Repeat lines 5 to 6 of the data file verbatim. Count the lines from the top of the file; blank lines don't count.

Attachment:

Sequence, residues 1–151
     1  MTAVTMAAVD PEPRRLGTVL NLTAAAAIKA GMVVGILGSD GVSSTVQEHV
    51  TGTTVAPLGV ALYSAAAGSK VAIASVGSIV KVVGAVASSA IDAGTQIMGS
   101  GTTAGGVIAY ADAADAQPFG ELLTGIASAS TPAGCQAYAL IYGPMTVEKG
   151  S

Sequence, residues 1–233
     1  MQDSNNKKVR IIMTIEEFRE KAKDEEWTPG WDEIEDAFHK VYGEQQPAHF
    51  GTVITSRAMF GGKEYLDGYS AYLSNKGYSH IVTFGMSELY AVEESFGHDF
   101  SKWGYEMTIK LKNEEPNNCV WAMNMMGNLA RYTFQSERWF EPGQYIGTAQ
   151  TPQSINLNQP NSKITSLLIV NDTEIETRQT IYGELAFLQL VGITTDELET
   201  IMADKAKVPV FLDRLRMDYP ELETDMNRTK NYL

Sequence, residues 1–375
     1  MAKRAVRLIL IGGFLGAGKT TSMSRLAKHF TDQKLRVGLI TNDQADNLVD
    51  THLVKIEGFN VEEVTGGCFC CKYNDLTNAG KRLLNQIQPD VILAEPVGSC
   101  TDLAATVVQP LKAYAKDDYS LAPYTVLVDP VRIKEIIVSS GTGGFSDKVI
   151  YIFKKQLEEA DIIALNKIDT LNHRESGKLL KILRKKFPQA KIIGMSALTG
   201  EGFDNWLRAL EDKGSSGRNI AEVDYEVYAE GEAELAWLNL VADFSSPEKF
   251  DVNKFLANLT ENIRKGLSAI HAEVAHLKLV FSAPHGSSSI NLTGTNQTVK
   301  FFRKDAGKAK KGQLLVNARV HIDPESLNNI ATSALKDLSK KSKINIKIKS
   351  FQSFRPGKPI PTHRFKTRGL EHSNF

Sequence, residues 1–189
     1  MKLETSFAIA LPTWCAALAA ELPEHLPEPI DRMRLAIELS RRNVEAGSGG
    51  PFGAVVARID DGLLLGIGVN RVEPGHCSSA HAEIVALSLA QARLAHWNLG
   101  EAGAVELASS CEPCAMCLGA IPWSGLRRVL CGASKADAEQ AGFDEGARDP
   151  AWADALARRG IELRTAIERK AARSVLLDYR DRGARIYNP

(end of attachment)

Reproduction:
   151  S

Sequence, residues 1–233